My copy of the Claudette Colbert DVD collection arrived a few days ago, making me very happy. "Three-Cornered Moon" is earliest film in it, made in 1933 as Claudette Colbert was becoming an established star and is advertised as the first screwball comedy. Looking at the most relevant examples of the genre (such as "Twentieth Century", "My Man Godfrey", "Bringing up Baby") it certainly fits that bill. It has only one little flaw: it isn't funny.
In fairness, the last 20 minutes or so are an improvement, but I think it took me nearly an hour to sketch a smile (the film is around 80 minutes long). As a comparison, when I watched "I Met Him in Paris" a few days before, which is part of the same collection, I laughed beginning to end, despite its predictability. But back to "Moon" - a rich, silly family in NY finds out they're bankrupt and now they must go earn a living. It's the depression, so it isn't easy. Only the daughter (Colbert) seems to have some sense, except in her choice of man. You can fill the rest.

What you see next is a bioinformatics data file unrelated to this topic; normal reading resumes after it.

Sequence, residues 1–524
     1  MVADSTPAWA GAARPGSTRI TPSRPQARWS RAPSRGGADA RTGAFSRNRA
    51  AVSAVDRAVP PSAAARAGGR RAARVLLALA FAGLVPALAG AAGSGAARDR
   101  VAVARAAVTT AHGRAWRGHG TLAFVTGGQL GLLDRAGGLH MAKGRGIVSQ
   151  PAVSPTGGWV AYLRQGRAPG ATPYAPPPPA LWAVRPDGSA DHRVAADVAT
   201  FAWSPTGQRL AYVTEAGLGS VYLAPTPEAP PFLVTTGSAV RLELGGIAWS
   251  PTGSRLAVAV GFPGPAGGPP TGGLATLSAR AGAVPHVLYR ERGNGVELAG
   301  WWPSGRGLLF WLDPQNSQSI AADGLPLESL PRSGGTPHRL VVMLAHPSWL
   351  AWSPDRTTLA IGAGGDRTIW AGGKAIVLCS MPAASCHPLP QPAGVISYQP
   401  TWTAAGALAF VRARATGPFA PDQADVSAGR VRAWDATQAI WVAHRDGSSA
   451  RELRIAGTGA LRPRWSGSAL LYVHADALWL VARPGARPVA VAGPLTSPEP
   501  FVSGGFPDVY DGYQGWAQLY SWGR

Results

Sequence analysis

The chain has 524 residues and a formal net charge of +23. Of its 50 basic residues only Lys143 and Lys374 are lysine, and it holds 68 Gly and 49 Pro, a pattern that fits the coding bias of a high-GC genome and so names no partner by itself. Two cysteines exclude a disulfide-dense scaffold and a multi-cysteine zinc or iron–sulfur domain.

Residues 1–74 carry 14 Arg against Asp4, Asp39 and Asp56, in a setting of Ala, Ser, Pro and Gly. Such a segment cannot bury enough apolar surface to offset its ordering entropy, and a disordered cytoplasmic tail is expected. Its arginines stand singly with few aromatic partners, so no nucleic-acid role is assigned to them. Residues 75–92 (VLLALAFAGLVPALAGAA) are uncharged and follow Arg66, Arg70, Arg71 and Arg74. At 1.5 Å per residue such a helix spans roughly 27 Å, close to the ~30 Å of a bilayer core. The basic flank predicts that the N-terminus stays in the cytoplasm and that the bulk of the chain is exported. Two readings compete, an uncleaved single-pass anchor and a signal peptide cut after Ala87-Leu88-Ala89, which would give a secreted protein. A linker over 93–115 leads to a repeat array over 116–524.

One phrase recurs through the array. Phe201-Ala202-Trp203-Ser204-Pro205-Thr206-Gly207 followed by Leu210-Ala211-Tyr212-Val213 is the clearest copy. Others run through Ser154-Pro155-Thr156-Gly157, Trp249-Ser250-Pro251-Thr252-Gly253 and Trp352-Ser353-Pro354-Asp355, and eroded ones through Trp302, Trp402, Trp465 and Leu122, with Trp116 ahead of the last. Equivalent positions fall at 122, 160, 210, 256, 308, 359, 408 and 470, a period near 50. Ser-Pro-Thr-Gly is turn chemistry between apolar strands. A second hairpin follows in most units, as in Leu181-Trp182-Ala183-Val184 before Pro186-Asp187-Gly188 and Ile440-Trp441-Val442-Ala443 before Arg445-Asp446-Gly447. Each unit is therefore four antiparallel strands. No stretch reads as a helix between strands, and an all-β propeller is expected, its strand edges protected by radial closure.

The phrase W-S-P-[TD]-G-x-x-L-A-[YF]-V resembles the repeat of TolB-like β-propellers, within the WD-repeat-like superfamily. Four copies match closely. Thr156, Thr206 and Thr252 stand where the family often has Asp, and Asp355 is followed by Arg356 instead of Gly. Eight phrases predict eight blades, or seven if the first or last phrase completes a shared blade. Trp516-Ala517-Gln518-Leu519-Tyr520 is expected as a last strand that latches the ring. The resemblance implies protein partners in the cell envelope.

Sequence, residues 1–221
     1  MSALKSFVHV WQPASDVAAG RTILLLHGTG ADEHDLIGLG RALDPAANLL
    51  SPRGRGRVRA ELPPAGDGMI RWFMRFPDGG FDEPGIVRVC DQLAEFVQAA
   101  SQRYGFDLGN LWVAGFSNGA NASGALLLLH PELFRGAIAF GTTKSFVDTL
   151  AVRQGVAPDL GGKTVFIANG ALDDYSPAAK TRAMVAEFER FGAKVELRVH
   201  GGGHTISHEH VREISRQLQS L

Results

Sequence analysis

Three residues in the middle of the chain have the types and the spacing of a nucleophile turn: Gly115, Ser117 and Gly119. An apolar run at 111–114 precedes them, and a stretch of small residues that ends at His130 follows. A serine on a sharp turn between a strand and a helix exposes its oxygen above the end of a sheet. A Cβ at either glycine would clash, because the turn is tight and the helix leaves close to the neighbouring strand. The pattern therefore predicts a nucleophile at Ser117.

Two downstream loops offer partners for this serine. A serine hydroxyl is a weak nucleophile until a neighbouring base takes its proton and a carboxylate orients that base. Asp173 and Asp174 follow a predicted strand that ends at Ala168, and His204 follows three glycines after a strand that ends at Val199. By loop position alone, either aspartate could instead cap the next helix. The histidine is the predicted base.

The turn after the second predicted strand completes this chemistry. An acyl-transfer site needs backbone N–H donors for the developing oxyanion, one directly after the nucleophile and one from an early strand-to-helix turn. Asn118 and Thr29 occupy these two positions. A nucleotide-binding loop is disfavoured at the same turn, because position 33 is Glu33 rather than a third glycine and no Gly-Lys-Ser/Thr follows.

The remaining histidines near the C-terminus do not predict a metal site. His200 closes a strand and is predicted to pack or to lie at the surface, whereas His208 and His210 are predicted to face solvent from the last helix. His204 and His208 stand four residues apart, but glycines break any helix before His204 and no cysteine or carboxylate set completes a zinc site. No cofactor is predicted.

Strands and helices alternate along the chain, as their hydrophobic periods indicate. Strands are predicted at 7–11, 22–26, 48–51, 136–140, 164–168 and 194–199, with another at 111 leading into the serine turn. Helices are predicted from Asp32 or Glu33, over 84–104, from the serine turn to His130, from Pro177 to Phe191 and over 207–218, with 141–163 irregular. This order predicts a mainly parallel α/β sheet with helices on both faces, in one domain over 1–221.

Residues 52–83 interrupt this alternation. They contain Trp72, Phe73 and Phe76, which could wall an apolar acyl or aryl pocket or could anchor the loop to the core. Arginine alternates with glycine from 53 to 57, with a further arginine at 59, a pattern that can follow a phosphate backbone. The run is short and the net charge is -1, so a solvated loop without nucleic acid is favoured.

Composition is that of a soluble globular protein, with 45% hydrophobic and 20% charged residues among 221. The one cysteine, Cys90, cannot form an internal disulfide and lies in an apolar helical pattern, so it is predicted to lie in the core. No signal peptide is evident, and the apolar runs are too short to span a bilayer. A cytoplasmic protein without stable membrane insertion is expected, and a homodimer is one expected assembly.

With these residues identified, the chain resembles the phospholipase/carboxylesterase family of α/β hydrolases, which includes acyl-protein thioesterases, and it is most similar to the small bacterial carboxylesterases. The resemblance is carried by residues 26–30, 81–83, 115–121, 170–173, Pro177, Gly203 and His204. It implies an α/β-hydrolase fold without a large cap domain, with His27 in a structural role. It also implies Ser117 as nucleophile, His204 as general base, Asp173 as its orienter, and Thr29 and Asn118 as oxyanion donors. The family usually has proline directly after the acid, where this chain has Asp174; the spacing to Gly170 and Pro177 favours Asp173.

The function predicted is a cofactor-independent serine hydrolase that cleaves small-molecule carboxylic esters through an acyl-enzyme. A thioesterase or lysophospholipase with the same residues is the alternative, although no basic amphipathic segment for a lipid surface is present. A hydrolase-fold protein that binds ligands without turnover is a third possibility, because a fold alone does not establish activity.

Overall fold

I can't recommend this one to anyone - it might put them off old films forever. But this box also has Lubitsch's "Bluebeard's Eight Wife", Leisen's "No Time for Love" and the above mentioned "I Met Him in Paris" with a wonderful performance from Melvyn Douglas. I haven't seen the other two films ("Maid of Salem" and "The Egg and I") but these three are great fun, with the first two somewhat neglected classics.